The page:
Psych third exam
Card Set Information
Psych third exam
Chapter 7 and 8
What is Semantic memory?
General knowledge, as opposed to episodic memory.
What is Episodic memory?
Memories of events experienced by a person.
What is Procedural memory?
Is memory for how to do things.
What is Encoding?
Modifing information so that it can be placed in memory.
What is Rehearsal?
Is the role of repeptition in the retention of memories.
What is Serial position effect?
The tendency to recall more accuratley the first and last items in a series.
What is Primacy effect?
Is a subject recalling primary information presented better than information presented later on.
What is Recency effect?
The phenomenon that when people are asked to recall in any order the items on a list, those that come at the end of the list are more likely to be recalled than the others.
What is Sensory register?
A system of memory that holds information breifly, but long enough so that it can be processed further.
What is Short term memory?
The type of stage of memory that can hold information for up to a minute.
What is Long term memory?
The type of stage of memory capable of relatively permanent storage.
What is Flashbulb memory?
is a detailed and vivid memory that is stored
on one occasion and retained for a lifetime.
What is Context dependent memory?
Information that is better retrieved in the context in which it was encoded, stored, or learned.
What is Recall?
Retrieval or reconstruction of learned material.
What is Recognition?
In information processing the easiest memory task, involving identification of objects or events ecountered before.
What is relearning?
A measure of retention. (Material is usually relearned more quickly than it is learned initially).
What is Proactive interference?
The interference by old learning with the ability to retrieve material learned recently.
What is Retroactive interference?
The interference of new learning with the ability to retrieve material learned previously.
What is repression?
Its Frued's psychodynamic theory of the ejection of anxiety-evoking ideas from conscious awareness.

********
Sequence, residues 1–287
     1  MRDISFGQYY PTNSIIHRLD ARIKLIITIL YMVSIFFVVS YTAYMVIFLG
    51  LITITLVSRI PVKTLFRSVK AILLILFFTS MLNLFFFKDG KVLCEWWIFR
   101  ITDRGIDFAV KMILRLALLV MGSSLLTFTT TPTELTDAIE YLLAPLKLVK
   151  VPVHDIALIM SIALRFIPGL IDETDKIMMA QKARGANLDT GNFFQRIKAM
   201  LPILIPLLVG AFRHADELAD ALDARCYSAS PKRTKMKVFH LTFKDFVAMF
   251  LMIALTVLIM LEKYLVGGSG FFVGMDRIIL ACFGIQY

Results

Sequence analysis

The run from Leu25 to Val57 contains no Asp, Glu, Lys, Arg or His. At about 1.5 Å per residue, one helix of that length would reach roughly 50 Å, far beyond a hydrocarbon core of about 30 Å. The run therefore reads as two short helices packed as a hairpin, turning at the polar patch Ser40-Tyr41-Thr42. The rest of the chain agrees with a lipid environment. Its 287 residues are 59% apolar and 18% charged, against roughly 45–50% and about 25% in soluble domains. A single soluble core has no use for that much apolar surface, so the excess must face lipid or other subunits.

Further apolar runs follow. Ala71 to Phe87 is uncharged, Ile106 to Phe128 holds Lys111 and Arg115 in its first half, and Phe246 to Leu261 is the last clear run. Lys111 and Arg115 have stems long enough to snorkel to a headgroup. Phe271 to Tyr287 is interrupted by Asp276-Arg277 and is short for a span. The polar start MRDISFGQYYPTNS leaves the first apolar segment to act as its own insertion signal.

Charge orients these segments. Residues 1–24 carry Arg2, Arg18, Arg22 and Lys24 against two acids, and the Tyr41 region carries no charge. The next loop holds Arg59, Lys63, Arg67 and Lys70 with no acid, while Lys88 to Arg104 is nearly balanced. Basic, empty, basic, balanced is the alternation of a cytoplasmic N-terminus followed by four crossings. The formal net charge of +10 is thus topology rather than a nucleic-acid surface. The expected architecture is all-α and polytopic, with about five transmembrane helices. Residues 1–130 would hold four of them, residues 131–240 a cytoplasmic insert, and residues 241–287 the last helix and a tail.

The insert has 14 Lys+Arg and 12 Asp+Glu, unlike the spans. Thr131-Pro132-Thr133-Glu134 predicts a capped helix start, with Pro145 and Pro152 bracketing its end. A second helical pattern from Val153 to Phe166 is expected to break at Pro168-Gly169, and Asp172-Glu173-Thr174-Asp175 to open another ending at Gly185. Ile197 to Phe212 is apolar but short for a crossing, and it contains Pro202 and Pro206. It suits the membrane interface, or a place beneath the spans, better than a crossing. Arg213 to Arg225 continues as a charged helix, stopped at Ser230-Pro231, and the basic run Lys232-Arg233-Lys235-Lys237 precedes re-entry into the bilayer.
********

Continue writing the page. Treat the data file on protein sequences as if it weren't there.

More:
What is Anterograde amnesia?
Failure to remember events that occur after physical trauma because of the effect of the trauma.
Failure to remember events that occur proir to physical trauma because of the the effects of the trauma.
What is Childhood amnesia?
is the common anability of adults to remember the events from the earlierst years of their childhood.
What is Thalamus?
Either of two masses of gray matter lying between the cerebral hemispheres on either side of the third ventricle, relaying sensory information and acting as a center for pain perception.
What is Hippocampus?
A structure in the limbic system that plays an important role in the formation of new memories.
What is Adrenaline?
Adrenaline is a hormone produced by the adrenal gland in the body of many animals.
What is Acetylcholine?
is a neurotransmitter in both the peripheral nervous system (PNS) and central nervous system (CNS) in many organisms including humans.
What is Serotonin?
Is a monoamine neurotransmitter.
What is Alzhelmer's desease?
Its one of the forms of dementia that gradually gets worse over time. It affects memory, thinking, and behavior.
What is Acronyms?
Abbreviations and meanings.
What is Mnemonic device?
It is any learning technique that aids memory.
What is Language?
The communication of information by means of symbols arranged accoeding to rules of grammer.
What is Semanticity?
The quality of language in which wods are used as symbols for objects, events, or ideas.
What is Infinite creativity?
The capacity to combine words into orginal sentences.
What is Displacement?
The quality of language that permits one to communicate information about objects and events in another time and place.
What is Phonomes?
it basically letters, 3 letters or 3 phonomies. For example: cat, dog, or car.
What is Morphemes?
The smallest units of meaning.
What is Syntax?
Rules of grammer.
What is Prelinguistic vocalizations?
Basically crying or cooing.
What is Crying?
Is shedding tears as a response to an emotional state in humans.
What is Cooing?
Is a soft murmuring sound expressing contentment.
What is Babbling?
To utter a meaningless confusion of words or sounds.
What is Holophrase?
A single word used to express complex meanings.
What is Telegraphic speech?
Is the type of speech produced by people who have suffered injury to the part of the brain called Broca’s area.
What is Overextension?
Is when a child uses a word too broadly. Like if they called all males 'daddy' or all aniamls 'dog'.
What is Overregularization?
Is forming inflections (e.g., past tense and plurals) to irregular verbs and nouns.
What is Learning theory of language development?
Is a process starting early in human life, when a child begins to acquire language by learning it as it is spoken and by mimicry.
What is Natavist theory of language development?
It deals with the biological belief that language is an innate feature of the infant.
What is Language acquisition device?
Is a postulated "organ" of the brain that is supposed to function as a congenital device for learning symbolic language
What is Sensitive periods?
Is a term coined to refer to important periods of childhood development.
What is Cognitive thoery of language development?
Is Brain development and the maturity of language.
What is Chronology of language development?